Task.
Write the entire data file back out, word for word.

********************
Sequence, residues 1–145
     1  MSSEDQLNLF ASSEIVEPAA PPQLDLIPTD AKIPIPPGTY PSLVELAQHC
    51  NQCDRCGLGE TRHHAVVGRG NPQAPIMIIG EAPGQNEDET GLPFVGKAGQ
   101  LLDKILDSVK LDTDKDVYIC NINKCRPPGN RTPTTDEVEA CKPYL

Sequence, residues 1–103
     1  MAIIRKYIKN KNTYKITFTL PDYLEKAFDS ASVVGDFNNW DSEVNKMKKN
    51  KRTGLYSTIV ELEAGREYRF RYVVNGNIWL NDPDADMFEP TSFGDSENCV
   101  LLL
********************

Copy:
Sequence, residues 1–145
     1  MSSEDQLNLF ASSEIVEPAA PPQLDLIPTD AKIPIPPGTY PSLVELAQHC
    51  NQCDRCGLGE TRHHAVVGRG NPQAPIMIIG EAPGQNEDET GLPFVGKAGQ
   101  LLDKILDSVK LDTDKDVYIC NINKCRPPGN RTPTTDEVEA CKPYL

Sequence, residues 1–103
     1  MAIIRKYIKN KNTYKITFTL PDYLEKAFDS ASVVGDFNNW DSEVNKMKKN
    51  KRTGLYSTIV ELEAGREYRF RYVVNGNIWL NDPDADMFEP TSFGDSENCV
   101  LLL